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Does Soft Power Matter

Does Soft Power Matter

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Does Soft Power Matter? A Comparative Analysis of Student Exchange Programs1980–2006
Carol
tkinson
Vanderbilt University 
Democratic governance depends not only on the building of demo-cratic institutions but also on citizens’ knowledge about how these insti-tutions should function in their everyday lives. I argue that US-hostededucational exchange programs are one mechanism whereby citizens of nondemocratic states might experience life firsthand in a democraticcountry. Their experiences may impact the political institutions andinfluence political behavior in their home countries. In order for thisprocess to take place, I argue that at least three contextual conditionsare important: (i) the depth and extent of social interactions that occur while abroad, (ii) the sharing of a sense of community or commonidentity between participants and their hosts, and (iii) the attainment of a politically influential position by the exchange participant whenthey return home. In this article, I test these hypotheses and find sup-port for what advocates of soft power often contend: US-hostedexchange programs can play an important role in the diffusion of lib-eral values and practices across the borders of authoritarian states.
The current war in Iraq has illustrated the difficulties of imposing democraticinstitutions in states where democratic norms are underdeveloped and citizenshave little previous experience of the everyday functioning of democratic prac-tices. One consequence has been calls for the United States to engage in a ‘‘warof ideas’’ with nonliberal forces that have impeded the spread and development of democratic norms and practices. But how might the United States actually ‘‘fight’’ such a war? Soft power advocates, US policy makers, and scholars havefrequently claimed that US-hosted educational exchange programs might pro- vide one strategy for the United States to effectively engage its ideational adver-saries (e.g., Nye and Owens 1996; Nye 2004; Williams 2004; Rice 2006; US WhiteHouse 2006; Phillips and Brooks 2008). While such claims are made, there hasbeen little attempt to systematically evaluate them. Exceptions are a few studiesthat have argued that attendance by foreign military officers at US military schools has had a positive impact on the development of democratic institutions(Cope 1995; Gibler and Ruby 2002; Atkinson 2006; Miller 2006). The researchpresented in this article complements and expands the scope of these studies by empirically evaluating the impact of both military and civilian exchanges. When we think about what is meant by liberal practices, two observable phe-nomena come to mind: first, whether a state’s institutions are democratic orauthoritarian, and second, whether leaders respect the life and fundamental lib-erties of their citizens. Building the political institutions of democracy is certainly 
Ó
2010 International Studies Association
 Foreign Policy Analysis 
(2010)
6
, 1–22
 
important, yet institutions are only part of the process. Democratic governancealso depends on citizens’ knowledge about how these institutions should func-tion. US-hosted educational exchange programs are one mechanism whereby cit-izens of nondemocratic states might experience life firsthand in a democraticcountry. Through the exchange experience, participants (who may have littleexposure to democratic norms and ideas) observe how people behave within ademocratic system, acquire knowledge about how democracy functions, andlearn what to expect of their own leaders and institutions. These ideas travelacross geographic borders when exchange participants return home. Oncehome, participants may hold their own government institutions accountablethrough overt actions such as protests. But more likely their influence is moresubtle. Some participants may enter into government service and the ideas that had been learned abroad may be used to reform existing practices or politicalinstitutions. Others may already hold politically powerful positions in their gov-ernments and can directly alter policies. Others may simply share their experi-ences with friends and family. As Nye (2004:13) argues, these interactions arenot trivial: ‘‘The ideas and values that America exports in the minds of morethan half a million foreign students who study every year in American universi-ties and then return to their home countries (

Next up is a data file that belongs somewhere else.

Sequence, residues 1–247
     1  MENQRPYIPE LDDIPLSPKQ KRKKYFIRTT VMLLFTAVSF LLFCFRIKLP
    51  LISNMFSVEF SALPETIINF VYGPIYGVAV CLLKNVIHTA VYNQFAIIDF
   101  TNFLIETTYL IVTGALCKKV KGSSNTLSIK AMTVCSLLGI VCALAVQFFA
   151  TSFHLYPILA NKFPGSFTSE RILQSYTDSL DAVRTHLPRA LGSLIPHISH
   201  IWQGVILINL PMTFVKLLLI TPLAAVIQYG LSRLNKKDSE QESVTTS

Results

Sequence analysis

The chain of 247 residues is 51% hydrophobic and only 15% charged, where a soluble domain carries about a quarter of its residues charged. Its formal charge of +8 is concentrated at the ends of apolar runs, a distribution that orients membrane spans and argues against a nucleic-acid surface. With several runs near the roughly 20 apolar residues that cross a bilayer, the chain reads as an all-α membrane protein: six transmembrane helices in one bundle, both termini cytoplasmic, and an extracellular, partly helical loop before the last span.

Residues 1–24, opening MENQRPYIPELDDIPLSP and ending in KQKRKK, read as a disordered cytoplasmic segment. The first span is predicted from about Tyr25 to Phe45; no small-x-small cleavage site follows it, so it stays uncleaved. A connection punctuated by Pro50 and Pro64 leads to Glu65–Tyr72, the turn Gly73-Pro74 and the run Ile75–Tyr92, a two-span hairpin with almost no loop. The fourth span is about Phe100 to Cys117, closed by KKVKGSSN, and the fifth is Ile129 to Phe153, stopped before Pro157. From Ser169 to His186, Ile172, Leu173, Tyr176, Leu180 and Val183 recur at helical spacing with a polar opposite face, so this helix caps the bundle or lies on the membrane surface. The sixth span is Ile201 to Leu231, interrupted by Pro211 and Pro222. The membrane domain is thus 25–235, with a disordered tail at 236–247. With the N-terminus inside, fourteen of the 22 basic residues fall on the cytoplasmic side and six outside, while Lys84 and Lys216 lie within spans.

) tend to reach elites withpower. Most of China’s leaders have a son or daughter educated in the States(
) when the United States was trying to persuade President Musharraf of Pakistan to change his policies and be more supportive of American measures in Afghanistan, it probably helped that he could hear from a son working in theBoston area.’’In this article, I first show how student exchanges in the past have affectedtheir participants and influenced political behavior in their home countries.I then examine the conditions under which an exchange program is more likely to be an effective conveyor of norms and ideas across geographic and ideologicalborders. I argue that at least three contextual conditions make some exchangesmore influential than others: (i) the depth and extent of social interactions that occur while abroad, (ii) the sharing of a sense of community or common identity between participants and their hosts, and (iii) the attainment of a politically influential position by the exchange participant after returning home. Finally, Itest my hypotheses, present results, and discuss policy implications. The empiri-cal evidence confirms what advocates of exchanges have often claimed: US-hosted student exchange programs can play an important role in the diffusionof liberal values and practices within authoritarian states.